Open Access Research article

Adjustment for reporting bias in network meta-analysis of antidepressant trials

Ludovic Trinquart12345*, Gilles Chatellier256 and Philippe Ravaud1234

Author Affiliations

1 Centre Cochrane Français, Paris, France

2 Université Paris Descartes - Sorbonne Paris Cité, Paris, France

3 INSERM U738, Paris, France

4 Assistance Publique-Hôpitaux de Paris, Hôpital Hôtel-Dieu, Centre d'Epidémiologie Clinique, Paris, France

5 INSERM CIE 4, Paris, France

6 Assistance Publique-Hôpitaux de Paris, Hôpital Européen Georges Pompidou, Unité de Recherche Clinique, Paris, France

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BMC Medical Research Methodology 2012, 12:150  doi:10.1186/1471-2288-12-150

Published: 27 September 2012



Network meta-analysis (NMA), a generalization of conventional MA, allows for assessing the relative effectiveness of multiple interventions. Reporting bias is a major threat to the validity of MA and NMA. Numerous methods are available to assess the robustness of MA results to reporting bias. We aimed to extend such methods to NMA.


We introduced 2 adjustment models for Bayesian NMA. First, we extended a meta-regression model that allows the effect size to depend on its standard error. Second, we used a selection model that estimates the propensity of trial results being published and in which trials with lower propensity are weighted up in the NMA model. Both models rely on the assumption that biases are exchangeable across the network. We applied the models to 2 networks of placebo-controlled trials of 12 antidepressants, with 74 trials in the US Food and Drug Administration (FDA) database but only 51 with published results. NMA and adjustment models were used to estimate the effects of the 12 drugs relative to placebo, the 66 effect sizes for all possible pair-wise comparisons between drugs, probabilities of being the best drug and ranking of drugs. We compared the results from the 2 adjustment models applied to published data and NMAs of published data and NMAs of FDA data, considered as representing the totality of the data.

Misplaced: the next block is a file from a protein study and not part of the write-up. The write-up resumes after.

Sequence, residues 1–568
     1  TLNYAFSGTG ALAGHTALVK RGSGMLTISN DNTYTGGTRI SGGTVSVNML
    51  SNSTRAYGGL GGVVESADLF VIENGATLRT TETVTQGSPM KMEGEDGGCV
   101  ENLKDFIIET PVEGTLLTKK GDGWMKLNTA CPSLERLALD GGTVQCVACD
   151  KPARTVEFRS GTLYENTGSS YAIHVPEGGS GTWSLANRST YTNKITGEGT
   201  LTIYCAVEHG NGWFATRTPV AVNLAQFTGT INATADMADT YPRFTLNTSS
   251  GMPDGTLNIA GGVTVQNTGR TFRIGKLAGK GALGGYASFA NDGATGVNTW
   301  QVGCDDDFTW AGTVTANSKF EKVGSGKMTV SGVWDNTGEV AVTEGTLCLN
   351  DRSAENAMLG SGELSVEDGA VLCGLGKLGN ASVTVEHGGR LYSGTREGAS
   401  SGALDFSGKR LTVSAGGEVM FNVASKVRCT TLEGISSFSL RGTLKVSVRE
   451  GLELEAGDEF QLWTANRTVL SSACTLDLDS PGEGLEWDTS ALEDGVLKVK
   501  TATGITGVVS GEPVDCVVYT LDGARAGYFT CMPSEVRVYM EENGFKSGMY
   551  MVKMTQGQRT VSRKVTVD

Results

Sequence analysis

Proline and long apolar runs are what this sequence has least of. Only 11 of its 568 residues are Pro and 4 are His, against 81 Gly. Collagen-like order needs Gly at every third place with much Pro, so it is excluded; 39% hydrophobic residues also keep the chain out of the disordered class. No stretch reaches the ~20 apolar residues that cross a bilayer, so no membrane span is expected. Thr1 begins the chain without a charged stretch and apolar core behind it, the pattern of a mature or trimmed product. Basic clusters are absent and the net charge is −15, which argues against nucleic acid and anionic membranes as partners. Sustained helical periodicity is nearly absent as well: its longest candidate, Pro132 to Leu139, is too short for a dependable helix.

Both adjustment models showed reduced estimated effects for the 12 drugs relative to the placebo as compared with NMA of published data. Pair-wise effect sizes between drugs, probabilities of being the best drug and ranking of drugs were modified. Estimated drug effects relative to the placebo from both adjustment models were corrected (i.e., similar to those from NMA of FDA data) for some drugs but not others, which resulted in differences in pair-wise effect sizes between drugs and ranking.


In this case study, adjustment models showed that NMA of published data was not robust to reporting bias and provided estimates closer to that of NMA of FDA data, although not optimal. The validity of such methods depends on the number of trials in the network and the assumption that conventional MAs in the network share a common mean bias mechanism.

Network meta-analysis; Publication bias; Small-study effect